22 Exhibit 13 -- three sheets of paper, commencing 1327 and 1328 and 1327.1,

23 and 1328.1.

24 JUDGE ORIE: Please, Mr. Usher, would you hand out the documents

25 to the witness.

Page 2408


2 Q. Mr. G, would you please go to the second sheet. I think it has

3 the numbers P1328 written in the top right-hand corner.

4 A. Yes.

5 Q. Do you recognise anywhere on that sheet your signature?

6 A. Yes.

7 Q. And is there, alongside your signature, a date?

8 A. Yes.

9 Q. What is the date?

10 A. The 11th of November, 1995.

11 Q. Would you tell us briefly what the document is.

12 A. It is a letter of discharge, that is to say, the document I was

13 given when I was released from hospital.

14 Q. All right. Now, will you please turn to the first page, and I

15 think it has written in the top right-hand corner the numbers P1327.

16 A. Yes, that's right.

17 Q. Does that appear to be another photocopy of a document but without

18 certain signatures down the bottom?

19 A. Yes.

20 Q. And I think also without the date handwritten down the bottom.

21 A. No.

22 MR. IERACE: Mr. President, I don't seek to have that document

23 placed on the ELMO because the witness's name appears at various places on

24 it. I do seek, in due course, to tender that document, together with an

25 English translation which accompanies it. Perhaps that might be returned.

Page 2409

1 JUDGE ORIE: Yes. I think everyone has a copy of the document in

2 front of him, so we can proceed.

3 MR. IERACE: Mr. President, this would be a convenient time for

4 the witness to view the redacted video.

5 JUDGE ORIE: Yes, please, with the assistance of the technicians.

6 Is the video of the witness in the right mode, I would say?

7 MR. IERACE: Yes, Mr. President.


9 [Videotape played]:

10 INVESTIGATOR: [Inaudible] ... where you were at the time you

11 were shot, as to the best of your recollection?

12 WITNESS B: [Indicates]

13 INVESTIGATOR: And if you can please adopt the same position

14 in the direction where you were facing at the time you were

15 shot, as to the best of your recollection.

16 WITNESS B: [Indicates]

17 INVESTIGATOR: And please point in the general direction from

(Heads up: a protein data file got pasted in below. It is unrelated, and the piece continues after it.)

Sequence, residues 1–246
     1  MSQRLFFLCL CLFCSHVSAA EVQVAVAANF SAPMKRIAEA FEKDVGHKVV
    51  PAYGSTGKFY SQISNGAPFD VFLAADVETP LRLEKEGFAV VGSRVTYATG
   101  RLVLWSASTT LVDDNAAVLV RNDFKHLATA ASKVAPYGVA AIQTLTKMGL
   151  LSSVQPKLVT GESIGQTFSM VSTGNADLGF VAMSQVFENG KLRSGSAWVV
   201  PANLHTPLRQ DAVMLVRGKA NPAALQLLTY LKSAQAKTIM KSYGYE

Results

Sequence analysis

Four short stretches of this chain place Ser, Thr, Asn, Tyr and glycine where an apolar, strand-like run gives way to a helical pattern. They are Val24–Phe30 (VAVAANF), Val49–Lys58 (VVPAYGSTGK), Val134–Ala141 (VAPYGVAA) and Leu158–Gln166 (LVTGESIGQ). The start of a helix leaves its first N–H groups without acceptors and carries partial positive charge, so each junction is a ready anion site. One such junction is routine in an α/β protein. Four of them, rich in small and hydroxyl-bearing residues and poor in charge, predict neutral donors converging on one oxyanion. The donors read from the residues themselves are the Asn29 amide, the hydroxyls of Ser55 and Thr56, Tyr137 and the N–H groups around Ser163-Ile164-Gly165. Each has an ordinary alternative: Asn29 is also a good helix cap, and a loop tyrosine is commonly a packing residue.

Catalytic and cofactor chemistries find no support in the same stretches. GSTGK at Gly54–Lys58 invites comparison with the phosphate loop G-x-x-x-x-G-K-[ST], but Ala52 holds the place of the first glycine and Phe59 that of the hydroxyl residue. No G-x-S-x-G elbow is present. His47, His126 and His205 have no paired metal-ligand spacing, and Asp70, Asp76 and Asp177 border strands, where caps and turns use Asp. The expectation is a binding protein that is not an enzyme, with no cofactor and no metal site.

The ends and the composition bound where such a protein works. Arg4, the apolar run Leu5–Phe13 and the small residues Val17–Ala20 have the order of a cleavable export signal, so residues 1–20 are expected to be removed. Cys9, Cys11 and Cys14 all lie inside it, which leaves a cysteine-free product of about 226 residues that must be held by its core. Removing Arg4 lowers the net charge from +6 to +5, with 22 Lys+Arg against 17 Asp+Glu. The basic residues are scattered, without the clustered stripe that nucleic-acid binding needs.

18 which you heard shooting at the time you were shot, as to the

19 best of your recollection.

20 WITNESS B: [Indicates]


22 Q. Sir, did you recognise yourself on that video?

23 A. Yes.

24 Q. Were you, at the time, [redacted]

25 A. Yes, I was.

Page 2410

1 Q. And did the events recorded on the video occur in September of

2 last year?

3 A. Yes.

4 Q. So you were asked to do certain things by an investigator. Did

5 you comply with those directions truthfully and to the best of your

6 recollection?

7 A. Yes, I did. I told the gentleman what I was able to remember and

8 as it happened.

9 Q. Having regard to your earlier evidence on Friday, was the

10 vegetable garden in the area where you were standing as seen on the video?

11 A. Yes. That whole side had been sown with vegetable seeds.

12 MR. IERACE: Mr. President, at this stage I wish the witness to

13 view the 360-degree electronically joined photograph. Thank you.

14 I ask that the photograph be moved slowly 360 degrees. Pause

15 there, please.

16 Q. Sir, are you able to tell us what the buildings are which appear

17 in the image at the moment?

18 MR. IERACE: And for the benefit of the transcript, the buildings

19 appear to be at the top of a slope and are coloured a reddish-brown.

20 A. Yes, I am. It was [redacted]

21 [redacted]

22 [redacted]

23 [redacted]

24 [redacted]

25 [redacted]

Page 2411

1 [redacted]

2 MR. IERACE: Please continue to move the image to the left. Pause

3 there, please.

4 Q. Could you describe to the --

5 MR. IERACE: I withdraw that. For the benefit of the transcript,

6 the image which appears on the screen at the moment appears to be a slope,

7 sloping downwards from right to left. There appears to be in the

8 mid-ground a hill or ridge which is browner in colour than the foreground,

9 which is green. And then in the background there appears to be further

10 ridges which are darker in colour. There appear to be some buildings on

11 the ridge in the mid-ground.

12 Q. Sir, could you tell us the name, if any, by which the various

13 buildings are known which appear on the image at the moment.

14 A. Yes. During the war, as these were all [redacted] we know

15 whose houses they were. But one house in particular was referred to as

16 [redacted]

17 [redacted]

18 [redacted]

19 [redacted]

20 [redacted]